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Regarded as one of the seminal Batman stories, the comic book The Long Halloween by Jeph Loeb and Tim Sale became a massive influence on not only future comics – some of which written by Lob himself – but also on Christopher Nolan’s The Dark Knight. The storyline eventually made the transition to direct-to-video animation with a two-part adaptation.
When I reviewed the initial half of this adaptation, which was enjoyable and surprised by its emphasis on atmosphere over spectacle, it felt cold by not clinging onto any emotional angle despite the numerous attempts. However, the central mystery of who the Holiday Killer is, created enough interest on how the Dark Knight himself (Jensen Ackles), Commissioner Gordon (Billy Burke) and District Attorney Harvey Dent (Josh Duhamel) were going to solve it in the second part.
In the post-credits scene of Part One, Bruce Wayne is under the control of Poison Ivy (Katee Sackhoff), who forces him to sign over his assets to Carmine Falcone (Titus Welliver). However, during the initial minutes on this instalment, this particular predicament gets resolved quickly with the help of Catwoman (voiced by the late Naya Rivera). In fact, any time the supervillains are the focus, this is where the film feels a bit disjointed. This may be a fault in staying true the source material., despite being partly about the rise of a new form of criminality in Gotham. At least we get to hear more of David Dastmalchian’s chilling vocals as Calendar Man.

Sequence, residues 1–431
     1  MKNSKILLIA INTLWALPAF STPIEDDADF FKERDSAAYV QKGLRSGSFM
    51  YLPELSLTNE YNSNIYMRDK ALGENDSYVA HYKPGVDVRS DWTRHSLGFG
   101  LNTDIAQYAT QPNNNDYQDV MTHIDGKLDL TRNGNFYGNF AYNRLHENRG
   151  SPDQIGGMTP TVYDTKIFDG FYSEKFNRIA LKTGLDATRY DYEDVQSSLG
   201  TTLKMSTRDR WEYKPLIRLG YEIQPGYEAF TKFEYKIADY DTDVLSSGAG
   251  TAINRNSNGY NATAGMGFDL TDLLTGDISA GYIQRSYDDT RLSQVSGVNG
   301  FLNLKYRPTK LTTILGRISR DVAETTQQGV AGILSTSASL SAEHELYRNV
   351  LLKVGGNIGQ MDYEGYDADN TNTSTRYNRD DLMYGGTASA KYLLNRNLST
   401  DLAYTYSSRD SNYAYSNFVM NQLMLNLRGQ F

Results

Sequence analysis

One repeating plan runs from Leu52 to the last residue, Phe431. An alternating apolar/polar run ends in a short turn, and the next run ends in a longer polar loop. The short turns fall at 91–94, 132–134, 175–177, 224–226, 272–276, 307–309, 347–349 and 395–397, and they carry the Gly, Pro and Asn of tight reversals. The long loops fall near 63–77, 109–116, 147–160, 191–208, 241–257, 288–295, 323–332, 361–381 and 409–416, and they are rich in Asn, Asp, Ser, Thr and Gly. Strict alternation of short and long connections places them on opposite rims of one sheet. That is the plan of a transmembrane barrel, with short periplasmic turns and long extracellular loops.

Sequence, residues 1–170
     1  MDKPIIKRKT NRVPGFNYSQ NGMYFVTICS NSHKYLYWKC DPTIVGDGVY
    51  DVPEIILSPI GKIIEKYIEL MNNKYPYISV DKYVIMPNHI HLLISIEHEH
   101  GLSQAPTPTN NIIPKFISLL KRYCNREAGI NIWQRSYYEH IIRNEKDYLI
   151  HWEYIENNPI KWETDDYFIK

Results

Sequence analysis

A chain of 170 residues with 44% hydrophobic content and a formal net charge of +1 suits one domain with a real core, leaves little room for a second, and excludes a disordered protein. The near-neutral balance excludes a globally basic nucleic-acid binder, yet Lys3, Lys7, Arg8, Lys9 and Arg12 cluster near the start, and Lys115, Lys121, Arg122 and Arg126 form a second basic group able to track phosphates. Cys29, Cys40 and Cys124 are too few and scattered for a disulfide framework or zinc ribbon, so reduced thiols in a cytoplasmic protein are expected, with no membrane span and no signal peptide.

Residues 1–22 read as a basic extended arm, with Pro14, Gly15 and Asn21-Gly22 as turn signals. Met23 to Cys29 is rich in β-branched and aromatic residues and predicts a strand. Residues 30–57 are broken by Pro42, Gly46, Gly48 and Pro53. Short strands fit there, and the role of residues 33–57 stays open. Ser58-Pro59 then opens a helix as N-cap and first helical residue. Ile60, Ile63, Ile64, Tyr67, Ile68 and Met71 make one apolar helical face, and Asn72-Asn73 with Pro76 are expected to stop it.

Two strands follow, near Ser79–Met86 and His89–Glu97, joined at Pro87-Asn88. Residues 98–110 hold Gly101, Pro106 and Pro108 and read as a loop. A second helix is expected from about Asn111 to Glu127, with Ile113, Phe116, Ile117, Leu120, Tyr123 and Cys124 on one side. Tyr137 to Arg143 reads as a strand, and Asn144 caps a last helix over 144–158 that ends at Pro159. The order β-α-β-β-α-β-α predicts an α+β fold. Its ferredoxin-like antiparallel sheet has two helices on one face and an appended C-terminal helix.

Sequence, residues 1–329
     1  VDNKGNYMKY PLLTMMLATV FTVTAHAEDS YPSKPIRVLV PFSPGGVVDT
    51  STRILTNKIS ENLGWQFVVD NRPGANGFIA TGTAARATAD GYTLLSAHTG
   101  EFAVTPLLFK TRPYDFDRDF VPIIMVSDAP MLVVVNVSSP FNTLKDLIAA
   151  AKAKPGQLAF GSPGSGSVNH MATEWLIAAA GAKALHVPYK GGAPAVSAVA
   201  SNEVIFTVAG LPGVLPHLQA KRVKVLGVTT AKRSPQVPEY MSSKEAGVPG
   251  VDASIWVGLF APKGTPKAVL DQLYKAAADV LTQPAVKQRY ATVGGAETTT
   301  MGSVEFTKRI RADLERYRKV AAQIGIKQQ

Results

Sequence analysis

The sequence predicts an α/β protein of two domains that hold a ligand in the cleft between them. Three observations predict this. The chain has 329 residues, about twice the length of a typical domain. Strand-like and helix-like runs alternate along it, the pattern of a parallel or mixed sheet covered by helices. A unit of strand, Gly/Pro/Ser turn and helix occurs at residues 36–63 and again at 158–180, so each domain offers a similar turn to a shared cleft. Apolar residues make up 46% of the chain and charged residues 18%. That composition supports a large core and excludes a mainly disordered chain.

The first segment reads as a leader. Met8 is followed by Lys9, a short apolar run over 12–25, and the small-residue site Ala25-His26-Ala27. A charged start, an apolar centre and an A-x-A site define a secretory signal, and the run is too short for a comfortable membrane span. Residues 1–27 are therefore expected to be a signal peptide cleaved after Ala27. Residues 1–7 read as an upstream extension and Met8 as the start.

However, the one villain who deserves the most attention is Harvey Dent as we get to see his tragic turn as Two-Face. Along with an outstanding vocal performance from Josh Duhamel, who reminds you of Richard Moll’s menacing tone in Batman: The Animated Series, the film’s most intense sequences feature this character going through a psychological breakdown and becomes a question of when he’s going to snap. His interactions with everyone else as Two-Face adds a level of intensity and eventual tragedy.
With the exception of Gordon’s side of the story involving his family that gets sidelined, whatever lingering questions that Part One asked, Part Two answers. This is not just in the central mystery of Holiday, but even aspects of Bruce Wayne’s history. We do get yet another version of Thomas and Martha Wayne being murdered, but it actually adds context to the story here, in terms of Bruce looking back his father’s dealings with Falcone and what impact that could have in the future. This is one of the most human takes on the Dark Knight as he is flawed and vulnerable, while slowly developing his skills as a detective.
Despite the opening credits that showcase the exaggerated illustrations by Tim Sale, the animation resembles nothing like the artwork, which may upset fans of the comic, but the cel-shaded look does have its perks. Although the action is more bombastic than its predecessor, due to the presence of more supervillains, the moody atmosphere is more thrilling, given the film noir nature of the story and makes you wonder what Matt Reeves’ The Batman has in store when released next year.
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